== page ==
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Scientists and public figures call for Amazon Reef protection – the full letter

Posted by Mal Chadwick - 31st July 2017

A group of 40 scientists naturalists, explorers and broadcasters are sounding the alarm over oil companies’ spill threat to the Amazon Reef. Read the full story here.

The letter

The Amazon Reef is a precious and unique ecosystem which extends for over 9500km² off the northern coast of Brazil.

“The Amazon Reef is a thriving and dynamic ecosystem”

Where the Amazon River pours into the ocean, the surrounding waters are initially dark and silty – a very unusual environment for a rich carbonate reef ecosystem to exist. Home to pink corals, coralline algae, more than 70 species of reef fish and more than 60 species of sponge, the Amazon Reef is a thriving and dynamic ecosystem that has barely been explored, but may already be under threat.

“There is a high likelihood of new species discoveries”

So far, only a small fraction of the reef has been investigated in any detail, but already it appears that there is a high likelihood of new species discoveries. The first underwater images of the Amazon Reef were captured in early 2017, and scientists have just begun to document the reef’s biodiversity. Understanding of the ways in which this novel reef ecosystem functions and interacts with the Amazon river plume and the surrounding ocean remains very limited.

“Plans to drill for oil in nearby waters pose significant pressures and risks”

Plans to drill for oil in nearby waters pose significant pressures and risks, whether from drilling itself or from the threat of significant oil spills, which even the companies’ own oil spill modelling give up to a 30% chance of reaching the reef. A spill here could negatively impact the reef and the wider basin; an area home to vulnerable species including the Amazonian manatee and leatherback sea turtle, among many others.

“The priority should be to protect the reef and surrounding waters”

The priority should be to protect the reef and surrounding waters in order to conduct further research on the reef to provide greater insight into its species diversity, structure and function, as well as the interconnections it has with other surrounding ecosystems, before any decisions are made concerning further human exploitation of the area.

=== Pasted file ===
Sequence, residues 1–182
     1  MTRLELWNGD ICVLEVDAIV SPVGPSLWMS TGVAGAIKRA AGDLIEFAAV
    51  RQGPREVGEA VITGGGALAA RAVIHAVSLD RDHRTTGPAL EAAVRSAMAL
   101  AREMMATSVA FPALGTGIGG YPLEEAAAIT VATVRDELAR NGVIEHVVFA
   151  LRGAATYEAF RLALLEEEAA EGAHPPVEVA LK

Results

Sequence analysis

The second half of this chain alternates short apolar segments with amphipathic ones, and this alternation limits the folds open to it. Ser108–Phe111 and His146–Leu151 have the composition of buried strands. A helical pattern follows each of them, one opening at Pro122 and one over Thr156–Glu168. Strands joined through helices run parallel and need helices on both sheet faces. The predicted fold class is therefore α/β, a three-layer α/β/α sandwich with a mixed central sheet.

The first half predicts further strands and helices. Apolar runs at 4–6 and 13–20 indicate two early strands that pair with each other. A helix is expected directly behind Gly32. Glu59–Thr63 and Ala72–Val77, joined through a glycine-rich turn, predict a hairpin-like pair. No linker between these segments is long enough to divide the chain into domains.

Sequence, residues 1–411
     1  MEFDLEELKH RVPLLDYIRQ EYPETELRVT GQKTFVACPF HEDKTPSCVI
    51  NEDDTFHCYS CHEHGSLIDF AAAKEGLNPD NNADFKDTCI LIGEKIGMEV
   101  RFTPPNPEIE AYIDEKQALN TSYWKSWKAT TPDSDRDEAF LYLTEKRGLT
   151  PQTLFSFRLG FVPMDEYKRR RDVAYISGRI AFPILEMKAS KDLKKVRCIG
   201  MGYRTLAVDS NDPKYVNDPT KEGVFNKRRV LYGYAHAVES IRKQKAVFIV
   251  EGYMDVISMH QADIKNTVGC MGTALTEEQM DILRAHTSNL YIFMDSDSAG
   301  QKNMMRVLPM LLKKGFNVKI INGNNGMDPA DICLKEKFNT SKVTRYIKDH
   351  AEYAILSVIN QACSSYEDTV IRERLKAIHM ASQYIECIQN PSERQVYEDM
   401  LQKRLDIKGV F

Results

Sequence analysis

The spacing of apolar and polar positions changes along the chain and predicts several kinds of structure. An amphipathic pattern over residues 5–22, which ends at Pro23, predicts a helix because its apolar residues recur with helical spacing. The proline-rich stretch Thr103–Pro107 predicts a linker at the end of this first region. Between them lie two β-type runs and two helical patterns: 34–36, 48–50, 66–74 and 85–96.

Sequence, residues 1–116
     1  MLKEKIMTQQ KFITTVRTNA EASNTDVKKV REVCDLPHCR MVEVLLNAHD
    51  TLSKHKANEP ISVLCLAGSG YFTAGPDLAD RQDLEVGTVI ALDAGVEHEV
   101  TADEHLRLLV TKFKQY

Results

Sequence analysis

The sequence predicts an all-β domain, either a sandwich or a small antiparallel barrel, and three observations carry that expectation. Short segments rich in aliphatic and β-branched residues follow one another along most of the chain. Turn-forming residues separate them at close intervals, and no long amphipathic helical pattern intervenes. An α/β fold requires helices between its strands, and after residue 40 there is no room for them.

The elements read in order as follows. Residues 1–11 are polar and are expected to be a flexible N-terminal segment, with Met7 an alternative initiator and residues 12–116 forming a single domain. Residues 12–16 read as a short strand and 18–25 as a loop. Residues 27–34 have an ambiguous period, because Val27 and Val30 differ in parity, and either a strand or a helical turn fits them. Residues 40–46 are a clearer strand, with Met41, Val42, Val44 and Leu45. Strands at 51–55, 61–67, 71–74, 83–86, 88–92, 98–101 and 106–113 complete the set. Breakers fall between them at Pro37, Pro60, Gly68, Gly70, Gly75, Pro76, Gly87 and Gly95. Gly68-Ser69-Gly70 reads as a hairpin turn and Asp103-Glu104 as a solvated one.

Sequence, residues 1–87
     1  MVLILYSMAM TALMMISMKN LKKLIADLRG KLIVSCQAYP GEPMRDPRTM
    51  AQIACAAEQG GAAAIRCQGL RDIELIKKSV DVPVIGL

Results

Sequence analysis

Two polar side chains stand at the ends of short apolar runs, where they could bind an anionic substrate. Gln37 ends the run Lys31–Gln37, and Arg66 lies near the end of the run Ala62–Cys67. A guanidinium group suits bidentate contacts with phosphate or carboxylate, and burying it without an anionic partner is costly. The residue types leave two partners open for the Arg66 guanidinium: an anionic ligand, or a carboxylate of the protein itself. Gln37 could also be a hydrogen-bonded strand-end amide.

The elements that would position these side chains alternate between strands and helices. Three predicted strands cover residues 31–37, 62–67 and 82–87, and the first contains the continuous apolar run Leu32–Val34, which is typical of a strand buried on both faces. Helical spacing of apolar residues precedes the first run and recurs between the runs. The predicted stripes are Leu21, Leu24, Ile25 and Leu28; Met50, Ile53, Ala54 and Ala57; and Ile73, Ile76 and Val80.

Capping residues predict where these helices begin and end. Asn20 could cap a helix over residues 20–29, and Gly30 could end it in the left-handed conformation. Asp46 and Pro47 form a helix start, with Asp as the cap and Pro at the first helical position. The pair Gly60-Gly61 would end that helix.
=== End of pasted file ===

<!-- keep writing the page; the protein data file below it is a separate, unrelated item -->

Jason Hall- Spencer, Professor of Marine Biology (Plymouth University) UK

Ove Hoegh-Guldberg, Director of Global Change Institute, Professor of Marine Science (University of Queensland)

Murray Roberts, Professor of Applied Marine Biology and Ecology (University of Edinburgh) UK

Paulo Horta, Coralline Algae scientist (UFSC-Brazil)

Ronaldo Francini Filho, Marine Biologist, author of 2016 reef article ( UFPB – Brazil)

Eduardo Siegle, Oceanographer, author of 2016 reef article (USP- Brazil)

Paulo Artaxo, Climatologist, Geochemist & Meterologist (USP – Brazil)

Paulo Nobre, Senior Researcher- weather & climate (INPE – Brazil)

Ricardo Abramovay, Economist and Professor- Economics (FEA/USP – Brazil)

Juline Walter, Marine Biologist, (UFRJ – Brazil)

Ricardo Abramovay, Economist and Professor- Economics (FEA/USP – Brazil)

Juline Walter Marine Biologist, (UFRJ – Brazil)

Patrizia Ziveri, ICREA Research Professor and Scientific Director at the Institute of Environmental Science and Technology (ICTA) Unit of Excellence, Universitat Autònoma de Barcelona (UAB).

Pavan Sukhdev, Economist, Study Leader of TEEB, Lead Author of ‘Towards a Green Economy’, UNEP, and Author of ‘Corporation 2020’

Antônio Donato Nobre PhD, Senior Researcher INPA, Visiting Researcher INPE/Brazil, author of “The Future Climate of Amazonia”

Nils Edwin Asp Neto, Oceanographer, author of 2016 reef article (UFPA- Brazil)

Dr. Melissa Shaw, Aquatic Animal Medicine- endangered mammal species specialist

Dr. Carlos Eduardo Leite Ferreira, Ecologist- Lab of Ecology and Connservation reef environments. Fluminese Federal University (Brazil)

Abilio Soares Gomes, Marine Biologist- sediment ecology lab, Federal Fluminese University (Brazil)

Ashley Carreiro, Marine Biologist- Marine Conservation Phillipines

Dr. Anthony W D Larkum, Expert in coral bleaching and reef algae- University of Sydney

Dr. Emma Kennedy, Benthic Ecologist (coral reef scientist)- University of Queensland

John Hocevar, Marine Biologist and director of Greenpeace USA ocean campaigns

Cesar Cordeiro, Marine Biologist- Fluminese Federal University (Brazil)

Carlos Nobre, INPE/ member of IPCC (Brazil)

Deevon Quirolo, President of Nature Coast Conservation, USA

Sean McQuilken, Marine Protected Species Observer/ Biologist, USA

Valeria Pizarro, Biologist and Ecologist- Executive Director of Ecomares NGO, Colombia

Silvia Earle, Oceanographer, Founder and President, Mission Blue

David Bellhoff, Biologist (GIZ (sust. dev organisation)- Protected Area Management Enhancement Project Phillippines)

Public figures

Sir Ranulph Fiennes, Explorer

David Mayer De Rothschild, Ecologist & Environmentalist

Liz Bonnin, Presenter of Galapagos & other shows, recently observed sharks in Pacific Ocean

Bill Oddie, Conservationist

Simon Reeve, TV presenter and ambassador for WWF

Michaela Strachan,  children’s wildlife programmes, investigated coral reefs for CBBC

Ben Fogle, Animal and nature broadcaster

Abigail Fallis, Artist working on consumerism and the environment

Kurt and Caroline Jackson, British painter reflecting ecology and environment

Bruce Parry, Explorer, broadcaster

Livia Firth, Founder of sustainable fashion company

Article Tagged as: Amazon Reef